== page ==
Wednesday, January 9, 2008

Happy Birthday, Mr. President!

{Ollie Atkins Photograph Collection, George Mason University Libraries}

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If he were still alive, President Richard M. Nixon would be celebrating his 95th birthday today. Although he was born in Yorba Linda, California, in 1913, the Nixon family line had firm roots in Ohio. Nixon's mother--Hannah Milhous--was from a line of Quakers, but, as we shall see, Nixon's paternal line certainly was not.
President Nixon's Great-Great-Great Grandfather, George Nixon, was a soldier of the American Revolution. Born in Newcastle County, Delaware, in 1752, George Nixon [the first] entered military service as an ensign in December 1776 and survived the battles of Trenton, Princeton, and Brandywine, and before war's end was a lieutenant in Captain McKee's Delaware Spy Co., "Preventing Tory Aid to British." George lived a long life; he died in 1842.

Gravestone of George Nixon. . .1752-1842


So what does President Nixon have to do with the Civil War? Well, as it turns out, Nixon's Great-Grandfather--and the grandson of the Revolutionary War hero--George Nixon III served the Union as a private in Company B, 73rd Ohio Volunteer Infantry. Sadly, Private Nixon was severely wounded at Gettysburg on July 2, 1863. He was shot in the hip, I believe, while skirmishing with Confederate soldiers near the Emmitsburg Road. (Somewhere near the present day location of Tommy's Pizza). Nixon, at age 42, succumbed to his wounds two days later and was later buried in the Gettysburg National Cemetery.

While on the presidential campaign trail almost one hundred years later, George Nixon's great-grandson, Richard, paid a visit to his grave. I have seen a photograph of this event. . .but only once. I think it is held at the GNMP Library/Archives.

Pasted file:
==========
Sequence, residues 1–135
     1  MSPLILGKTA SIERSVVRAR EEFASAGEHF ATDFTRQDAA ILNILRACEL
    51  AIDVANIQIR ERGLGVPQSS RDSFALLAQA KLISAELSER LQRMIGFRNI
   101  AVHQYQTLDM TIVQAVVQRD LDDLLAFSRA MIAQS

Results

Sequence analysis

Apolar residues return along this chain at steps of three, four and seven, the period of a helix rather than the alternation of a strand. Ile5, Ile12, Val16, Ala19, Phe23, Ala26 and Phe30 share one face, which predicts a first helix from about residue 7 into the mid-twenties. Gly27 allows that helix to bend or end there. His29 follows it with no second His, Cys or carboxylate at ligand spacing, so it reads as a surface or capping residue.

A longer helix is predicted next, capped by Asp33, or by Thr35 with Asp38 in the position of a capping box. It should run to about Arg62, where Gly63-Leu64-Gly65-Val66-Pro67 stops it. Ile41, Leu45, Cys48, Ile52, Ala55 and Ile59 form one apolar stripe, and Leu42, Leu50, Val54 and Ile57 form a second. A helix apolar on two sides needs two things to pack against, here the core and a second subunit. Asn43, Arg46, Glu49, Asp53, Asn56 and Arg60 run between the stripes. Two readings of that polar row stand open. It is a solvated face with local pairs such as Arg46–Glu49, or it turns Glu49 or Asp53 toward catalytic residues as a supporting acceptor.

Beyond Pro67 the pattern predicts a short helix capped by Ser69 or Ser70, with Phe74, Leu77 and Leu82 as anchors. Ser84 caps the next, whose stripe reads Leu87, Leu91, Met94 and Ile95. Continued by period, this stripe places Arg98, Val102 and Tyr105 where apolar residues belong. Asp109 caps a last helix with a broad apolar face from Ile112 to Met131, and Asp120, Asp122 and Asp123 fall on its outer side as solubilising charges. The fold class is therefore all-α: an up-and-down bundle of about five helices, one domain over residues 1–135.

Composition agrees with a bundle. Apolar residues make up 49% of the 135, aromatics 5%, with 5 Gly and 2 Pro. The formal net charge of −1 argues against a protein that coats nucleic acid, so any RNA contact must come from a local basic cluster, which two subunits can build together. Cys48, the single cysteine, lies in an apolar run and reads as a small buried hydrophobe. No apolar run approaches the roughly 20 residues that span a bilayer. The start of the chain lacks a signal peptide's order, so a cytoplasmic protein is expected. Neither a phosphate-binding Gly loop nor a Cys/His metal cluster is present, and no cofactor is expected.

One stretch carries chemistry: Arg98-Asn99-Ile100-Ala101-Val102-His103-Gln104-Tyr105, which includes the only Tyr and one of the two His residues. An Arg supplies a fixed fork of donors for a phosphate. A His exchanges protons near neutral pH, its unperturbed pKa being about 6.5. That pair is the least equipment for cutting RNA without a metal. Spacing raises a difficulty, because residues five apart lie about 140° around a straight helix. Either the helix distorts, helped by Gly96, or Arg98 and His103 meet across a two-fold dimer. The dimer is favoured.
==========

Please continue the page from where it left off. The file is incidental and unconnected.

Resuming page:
The grave of Private George Nixon at the Gettysburg National Cemetery


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I wasn't around when Nixon was in office, but he does serve as President of Earth in one of my favorite cartoon shows, Futurama.

Anyway, Happy Birthday, President Nixon. . .it seems as if in light of more recent administrations, you no longer seem that bad.

1 comment:

Anonymous said...

My family are pre revolutionary east coast Nixons. The earliest Nixons into PA were Quakers I believe...aka John Nixon who came with William Penn, and the Janney and Yardley families. But there are no doubt other lines...John Nixon of the Phila. officers was first to read the Declaration of Independence in public and at Princeton, and Valley Forge. We are said to be decendents of him...but my sister a proficient geneologist has not yet made the connection from hard records. A very young (teenaged) Nixon went west with Boone..and had a large family...but I believe came back to fight in the War of 1812 with John Paul Jones. So...I guess at any rate we got around! But one should not read having military service as not being from Quaker some Quakers were 'fighting Quakers'. But as I said...there can also be other lines.

Michele Nixon Hay